Serial Killers Incorporated

By Andy Remic

Serial Killers Incorporated, a novel by Andy Remic
Book details About the author

Serial Killers Incorporated is a dark urban fantasy novel by Andy Remic and published by Anarchy Books.

Callaghan is a drug and drink fuelled, womanising, amoral, hardcore photographer for the tabloid rag Black & White. He's a guy with very few redeeming features (if any) and his journey on the road to self annihilation is becoming quite a rocky one.

He is in way too deep with his mexican stripper girlfriend Mia and even deeper with Sophie - the wife of the infamous gun-runner Vladimir "Vodka" Katchevsy. Then people start to die in some very gruesome ways and Callaghan is somehow caught in the middle. It's a situation that even his 2.9 million apartment, Porsche GT3 and corrupt politician contacts can't solve. To top it all off Callaghan is approached by a serial killer who brings with him a unique and very dangerous proposition.

The only way it could get worse was if Validimir somehow found out he'd been screwing his missus...

One of the quote's I have seen for Remic's work is as the Tarantino of fantasy (written by fellow reviewers "Fantasy & SciFi Lovin'" and present on the cover of this book) and that has got to be the most accurate way of describing his style - following on from this logic Serial Killers Incorporated has got to be his Resevoir Dogs moment (my favorite Tarantino film). It's violent, rude and yet so stylish that you just have to love it, but be warned it isn't for the faint hearted and if you are easily offended then look away now and start some needlecraft or something.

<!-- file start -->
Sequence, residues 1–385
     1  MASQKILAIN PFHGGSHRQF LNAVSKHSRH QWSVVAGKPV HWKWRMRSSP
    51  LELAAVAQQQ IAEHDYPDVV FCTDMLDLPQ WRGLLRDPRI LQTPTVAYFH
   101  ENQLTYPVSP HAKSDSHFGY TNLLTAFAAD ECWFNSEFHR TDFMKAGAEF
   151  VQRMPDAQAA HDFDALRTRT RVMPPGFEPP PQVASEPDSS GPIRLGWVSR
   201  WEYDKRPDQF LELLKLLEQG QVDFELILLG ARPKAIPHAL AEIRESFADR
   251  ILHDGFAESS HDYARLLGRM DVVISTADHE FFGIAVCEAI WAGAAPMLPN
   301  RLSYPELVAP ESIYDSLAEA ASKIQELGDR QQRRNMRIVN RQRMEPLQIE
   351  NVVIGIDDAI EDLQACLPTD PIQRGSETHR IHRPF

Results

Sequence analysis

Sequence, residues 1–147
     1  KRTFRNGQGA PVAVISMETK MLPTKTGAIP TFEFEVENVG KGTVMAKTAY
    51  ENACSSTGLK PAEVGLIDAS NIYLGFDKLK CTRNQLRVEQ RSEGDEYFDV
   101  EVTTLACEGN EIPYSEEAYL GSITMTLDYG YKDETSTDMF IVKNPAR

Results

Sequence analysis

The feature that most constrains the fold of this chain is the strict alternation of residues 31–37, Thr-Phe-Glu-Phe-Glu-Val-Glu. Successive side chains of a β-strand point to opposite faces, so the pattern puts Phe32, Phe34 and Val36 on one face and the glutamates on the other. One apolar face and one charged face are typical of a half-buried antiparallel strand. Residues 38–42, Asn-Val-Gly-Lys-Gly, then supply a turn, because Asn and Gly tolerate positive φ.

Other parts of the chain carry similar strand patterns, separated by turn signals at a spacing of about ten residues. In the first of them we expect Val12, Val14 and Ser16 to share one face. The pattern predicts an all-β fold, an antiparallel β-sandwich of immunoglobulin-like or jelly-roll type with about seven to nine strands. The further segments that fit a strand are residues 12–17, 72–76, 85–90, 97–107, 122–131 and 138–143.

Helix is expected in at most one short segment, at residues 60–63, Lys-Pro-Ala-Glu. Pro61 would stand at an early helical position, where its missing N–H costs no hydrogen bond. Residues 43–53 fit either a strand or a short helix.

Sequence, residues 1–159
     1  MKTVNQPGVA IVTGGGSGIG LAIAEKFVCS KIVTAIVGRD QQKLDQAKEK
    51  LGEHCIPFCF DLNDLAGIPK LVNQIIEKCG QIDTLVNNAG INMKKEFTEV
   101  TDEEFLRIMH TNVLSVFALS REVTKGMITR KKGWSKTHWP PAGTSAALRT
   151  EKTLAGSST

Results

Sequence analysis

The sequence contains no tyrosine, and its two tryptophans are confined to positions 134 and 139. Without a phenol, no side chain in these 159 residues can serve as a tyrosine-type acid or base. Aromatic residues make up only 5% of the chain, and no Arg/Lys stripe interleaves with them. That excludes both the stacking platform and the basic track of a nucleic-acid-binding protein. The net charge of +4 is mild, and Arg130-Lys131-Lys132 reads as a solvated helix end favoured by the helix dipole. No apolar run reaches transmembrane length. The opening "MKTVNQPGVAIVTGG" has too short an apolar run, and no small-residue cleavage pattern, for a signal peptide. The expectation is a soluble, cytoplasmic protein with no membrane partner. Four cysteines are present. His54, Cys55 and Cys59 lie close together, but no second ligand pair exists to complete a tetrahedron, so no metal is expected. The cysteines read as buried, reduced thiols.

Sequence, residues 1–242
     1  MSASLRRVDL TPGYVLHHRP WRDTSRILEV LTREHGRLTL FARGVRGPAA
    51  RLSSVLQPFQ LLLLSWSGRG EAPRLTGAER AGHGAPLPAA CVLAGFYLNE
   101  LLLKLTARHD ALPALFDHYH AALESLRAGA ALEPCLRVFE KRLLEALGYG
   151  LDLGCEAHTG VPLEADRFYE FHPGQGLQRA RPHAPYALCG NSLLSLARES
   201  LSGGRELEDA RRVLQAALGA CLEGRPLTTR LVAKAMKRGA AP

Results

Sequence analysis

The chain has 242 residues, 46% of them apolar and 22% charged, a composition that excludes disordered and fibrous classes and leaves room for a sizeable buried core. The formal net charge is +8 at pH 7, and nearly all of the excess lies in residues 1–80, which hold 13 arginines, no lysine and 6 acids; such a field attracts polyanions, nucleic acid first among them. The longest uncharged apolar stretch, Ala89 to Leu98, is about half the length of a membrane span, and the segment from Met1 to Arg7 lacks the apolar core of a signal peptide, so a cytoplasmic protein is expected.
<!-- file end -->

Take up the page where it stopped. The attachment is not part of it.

Still here? good, the novel begins with Callaghan in a quite tricky situation and it quickly becomes clear that he really isn't a nice guy, by his own admission he has less morals than a politician and more greed than a banker, he will lie, cheat, screw and do just about anything he feels like without a moment's consideration for anyone else, the ultimate hedonist - and he's the good guy of the novel!, sort of set's the tone really.

As you can imagine it's not a book where you are going to like or relate to many of the characters but the quality of Remic's writing more than makes up for this, solid and easy to read prose (if somewhat punctuated with profanities) there is a real edge to the narrative and it feels very much like a physcological thriller, I was often reminded of J Robert King as the feeling is very similiar to his writing (but with more sex and violence) and yes it is very dark.

The fantastical elements are downplayed and it isn't really until you are more than half way through the book that any fantasy creeps in, this helps to really ground the reader and create that suspension of disbelief. Despite the hedonistic and depraved protagonist I found myself still caring about what happened to him, partly due to the way Remic manages to humanise the character but also due to the fact that compared to some of the bad guys he's pretty much a saint! Lurching from one disaster to the next, you've just got to feel for a guy who get's so much thrown at him in such a short space of time.

As with the other Remic novels i've read the pace is faster than a roadrunner who's late for dinner while the plot has more twists than the Iraq Inquiry. I loved the ending, a fantastic revelation that just manages to complete the book somehow.

Completely unrelenting and pretty much unmatched in style and pace - it's like the literary equivelent of a legal high and should come with a health warning on the cover!

Written on 11th May 2011 by .

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